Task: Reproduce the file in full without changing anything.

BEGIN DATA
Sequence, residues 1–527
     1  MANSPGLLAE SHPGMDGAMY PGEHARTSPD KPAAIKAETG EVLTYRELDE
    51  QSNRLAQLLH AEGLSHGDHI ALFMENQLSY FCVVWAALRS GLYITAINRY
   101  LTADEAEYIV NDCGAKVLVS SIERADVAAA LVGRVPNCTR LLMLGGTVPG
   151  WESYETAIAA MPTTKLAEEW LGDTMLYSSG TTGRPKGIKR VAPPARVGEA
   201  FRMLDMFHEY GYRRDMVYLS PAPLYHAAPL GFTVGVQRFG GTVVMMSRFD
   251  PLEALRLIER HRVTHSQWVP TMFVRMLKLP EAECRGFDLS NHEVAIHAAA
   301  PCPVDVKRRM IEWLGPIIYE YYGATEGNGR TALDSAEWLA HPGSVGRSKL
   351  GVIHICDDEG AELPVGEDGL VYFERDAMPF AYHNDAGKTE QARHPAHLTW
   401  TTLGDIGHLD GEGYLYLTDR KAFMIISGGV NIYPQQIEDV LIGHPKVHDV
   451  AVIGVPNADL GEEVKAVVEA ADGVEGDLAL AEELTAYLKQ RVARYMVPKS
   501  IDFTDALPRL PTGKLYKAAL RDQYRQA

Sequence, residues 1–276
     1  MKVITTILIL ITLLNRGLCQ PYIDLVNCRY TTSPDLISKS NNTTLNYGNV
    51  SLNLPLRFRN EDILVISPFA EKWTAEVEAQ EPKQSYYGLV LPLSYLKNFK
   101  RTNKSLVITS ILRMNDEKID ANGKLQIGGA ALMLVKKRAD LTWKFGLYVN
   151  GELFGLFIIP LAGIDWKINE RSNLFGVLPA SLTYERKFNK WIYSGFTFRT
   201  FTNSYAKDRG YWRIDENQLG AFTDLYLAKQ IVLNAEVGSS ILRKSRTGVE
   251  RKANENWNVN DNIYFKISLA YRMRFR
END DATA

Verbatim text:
Sequence, residues 1–527
     1  MANSPGLLAE SHPGMDGAMY PGEHARTSPD KPAAIKAETG EVLTYRELDE
    51  QSNRLAQLLH AEGLSHGDHI ALFMENQLSY FCVVWAALRS GLYITAINRY
   101  LTADEAEYIV NDCGAKVLVS SIERADVAAA LVGRVPNCTR LLMLGGTVPG
   151  WESYETAIAA MPTTKLAEEW LGDTMLYSSG TTGRPKGIKR VAPPARVGEA
   201  FRMLDMFHEY GYRRDMVYLS PAPLYHAAPL GFTVGVQRFG GTVVMMSRFD
   251  PLEALRLIER HRVTHSQWVP TMFVRMLKLP EAECRGFDLS NHEVAIHAAA
   301  PCPVDVKRRM IEWLGPIIYE YYGATEGNGR TALDSAEWLA HPGSVGRSKL
   351  GVIHICDDEG AELPVGEDGL VYFERDAMPF AYHNDAGKTE QARHPAHLTW
   401  TTLGDIGHLD GEGYLYLTDR KAFMIISGGV NIYPQQIEDV LIGHPKVHDV
   451  AVIGVPNADL GEEVKAVVEA ADGVEGDLAL AEELTAYLKQ RVARYMVPKS
   501  IDFTDALPRL PTGKLYKAAL RDQYRQA

Sequence, residues 1–276
     1  MKVITTILIL ITLLNRGLCQ PYIDLVNCRY TTSPDLISKS NNTTLNYGNV
    51  SLNLPLRFRN EDILVISPFA EKWTAEVEAQ EPKQSYYGLV LPLSYLKNFK
   101  RTNKSLVITS ILRMNDEKID ANGKLQIGGA ALMLVKKRAD LTWKFGLYVN
   151  GELFGLFIIP LAGIDWKINE RSNLFGVLPA SLTYERKFNK WIYSGFTFRT
   201  FTNSYAKDRG YWRIDENQLG AFTDLYLAKQ IVLNAEVGSS ILRKSRTGVE
   251  RKANENWNVN DNIYFKISLA YRMRFR